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This is Cecil. Cecil ate $4,000

‘This is Cecil. He has never done anything bad in his life until he ate $4,000.’

Clayton Law pulled $4,000 out of his joint savings account last month. He and his wife were having a fence installed at their home in Pittsburgh, and the workers asked to be paid in cash.

After returning from the bank with a sealed envelope full of $100 and $50 bills, he set the money on a kitchen counter, intending to stash it away. But he never got the chance.

Thirty minutes later, Law was stunned to find tiny pieces of chewed-up bills strewn across the floor. In a panic, he hollered for his wife, Carrie Law.

“He was shouting, ‘Cecil ate $4,000!’” Carrie recalled about that Dec. 8 afternoon.

“I ran in, thinking I had to have heard him wrong, but when I saw the mess, there was no doubt,” she said. “I thought I was going to have a heart attack. Cecil had really done it.”

Cecil is a 7-year-old goldendoodle that has lived with the Laws since he was a puppy. For five years, he had the run of the house until the arrival of the Laws’ son, Rory, now 2.

“Cecil’s a goofy guy and he’s very particular — you could leave a steak on the table, and he wouldn’t touch it because he’s not food motivated,” said Carrie, 33. “But apparently he is money motivated.”

Cecil had not been interested in things on the counter in the past, nor had he torn up items that were up there.

“He has never really done anything bad before, so we were more shocked than angry,” added Clayton, 34. “We couldn’t believe it. We looked at each other and said, ‘What are we going to do?’”

While Cecil skulked away to take a nap on the living room sofa, the Laws called their vet to see if they should bring him in to be checked out for eating the stack of cash.

“Given his size of 100 pounds, we were told as long he was eating and drinking and going to the bathroom, he should be fine,” Clayton said. “If he were a small dog, it would have been a different story.”

He and Carrie then decided to salvage what they could.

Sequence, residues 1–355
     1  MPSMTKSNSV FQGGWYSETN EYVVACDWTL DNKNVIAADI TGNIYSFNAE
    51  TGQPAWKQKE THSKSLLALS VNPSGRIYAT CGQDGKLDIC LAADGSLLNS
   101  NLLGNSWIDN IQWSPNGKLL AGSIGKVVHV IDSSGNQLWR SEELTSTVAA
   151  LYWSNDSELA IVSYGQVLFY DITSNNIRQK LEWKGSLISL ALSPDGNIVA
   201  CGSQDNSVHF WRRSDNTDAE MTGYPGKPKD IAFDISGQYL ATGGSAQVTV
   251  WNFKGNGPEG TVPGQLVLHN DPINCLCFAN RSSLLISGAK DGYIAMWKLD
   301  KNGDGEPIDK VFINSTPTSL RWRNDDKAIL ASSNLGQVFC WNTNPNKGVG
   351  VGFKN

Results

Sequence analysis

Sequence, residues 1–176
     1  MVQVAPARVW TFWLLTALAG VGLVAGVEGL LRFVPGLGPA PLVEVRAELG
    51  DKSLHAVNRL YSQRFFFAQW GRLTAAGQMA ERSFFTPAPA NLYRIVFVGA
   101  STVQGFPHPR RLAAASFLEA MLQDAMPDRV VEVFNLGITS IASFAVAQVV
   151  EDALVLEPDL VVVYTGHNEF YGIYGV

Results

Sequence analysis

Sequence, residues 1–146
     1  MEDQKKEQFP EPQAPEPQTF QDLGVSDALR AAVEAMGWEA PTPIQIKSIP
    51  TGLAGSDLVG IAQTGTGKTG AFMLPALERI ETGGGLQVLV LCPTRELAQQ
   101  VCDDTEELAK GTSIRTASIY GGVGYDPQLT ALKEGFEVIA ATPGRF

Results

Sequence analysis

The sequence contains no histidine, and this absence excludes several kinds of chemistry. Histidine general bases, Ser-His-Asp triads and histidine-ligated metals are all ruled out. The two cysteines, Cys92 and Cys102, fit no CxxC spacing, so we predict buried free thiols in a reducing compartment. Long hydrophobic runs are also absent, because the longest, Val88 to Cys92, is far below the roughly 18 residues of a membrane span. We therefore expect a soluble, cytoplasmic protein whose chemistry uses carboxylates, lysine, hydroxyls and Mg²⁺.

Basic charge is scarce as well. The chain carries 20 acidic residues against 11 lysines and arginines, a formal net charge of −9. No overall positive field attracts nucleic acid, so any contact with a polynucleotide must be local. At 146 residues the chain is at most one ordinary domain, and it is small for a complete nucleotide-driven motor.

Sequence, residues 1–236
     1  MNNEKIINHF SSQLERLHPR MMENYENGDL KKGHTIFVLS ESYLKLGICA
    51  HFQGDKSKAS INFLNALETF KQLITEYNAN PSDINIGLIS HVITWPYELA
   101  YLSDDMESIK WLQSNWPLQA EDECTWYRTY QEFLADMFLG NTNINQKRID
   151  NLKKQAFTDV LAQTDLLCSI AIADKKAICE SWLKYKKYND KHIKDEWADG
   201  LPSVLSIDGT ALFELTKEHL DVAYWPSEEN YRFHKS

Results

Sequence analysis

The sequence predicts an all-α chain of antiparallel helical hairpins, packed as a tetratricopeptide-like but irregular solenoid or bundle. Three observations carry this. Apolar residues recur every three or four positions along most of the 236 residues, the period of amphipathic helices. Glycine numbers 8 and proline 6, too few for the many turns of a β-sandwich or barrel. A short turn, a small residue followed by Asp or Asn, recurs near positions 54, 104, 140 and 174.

They gathered up the torn bills and were able to piece together about $1,500, Carrie said. She then called the bank and told a manager what had happened.

“I felt like a kid who says, ‘The dog ate my homework,’” she said. “I was surprised when they said they’d seen similar things happen multiple times — that maybe dogs liked the particular smells on money.”

The manager explained that the bank would take back any bills that had been taped together with the full serial numbers visible on the front and back, Carrie added. The Bureau of Engraving and Printing also generally requires that at least half of each bill is salvageable.

“Cecil was sitting on the sofa full of $2,500, and we knew there was only one way to get that money back,” Carrie said.

Late that first night, Cecil vomited up a couple of torn hundreds, Clayton said, but he and Carrie would have to be patient and summon their humor to retrieve the rest of the bills.

Clayton intrepidly donned a mask and gloves, grabbed a bunch of plastic bags and accompanied Cecil on his backyard rounds over the next two days as the dog relieved himself.

He and Carrie then sifted through the dog’s droppings and washed the torn bits of bills with dish soap in a utility sink.

“I never thought I’d be able to say I’ve laundered money, but there is apparently a first time for everything,” Carrie said.

“Here we were, waiting for the dog to go to the bathroom so we could get the rest,” Clayton added. “We had to laugh at the absurdity of it.”

He and Carrie decided that if they could find humor in the situation, others would, too.

The Laws made a video with the photos they’d snapped of their dog’s $4,000 meal, then posted it on Instagram.

“This is Cecil,” it begins. “He has never done anything bad in his life until he ate $4,000.”

The video of them washing money and patiently piecing it together like a jigsaw puzzle has been liked more than 175,000 times.

After the Pittsburgh City Paper wrote about what happened, Carrie said she snuggled up next to Cecil and read the piece to him as a bedtime story.

“We couldn’t be mad at him — he’s a very lovable dog,” she said. “People often tell us there’s a human trapped inside our dog.”

She and Clayton were able to retrieve about $1,800 from Cecil’s backyard deposits, boosting their total to $3,550.

Carrie said she plans to send the washed remnants they couldn’t piece together to the Treasury Department, in the hope they might get some of it back.

If not, the Laws said it’s the price they must pay for a family story they can pass down to their son.

“We’ve kept at least one of the torn-up bills so we can do a piece of artwork and frame it to commemorate the entire situation,” Carrie said.

“Not that we’d ever forget,” she quickly added.


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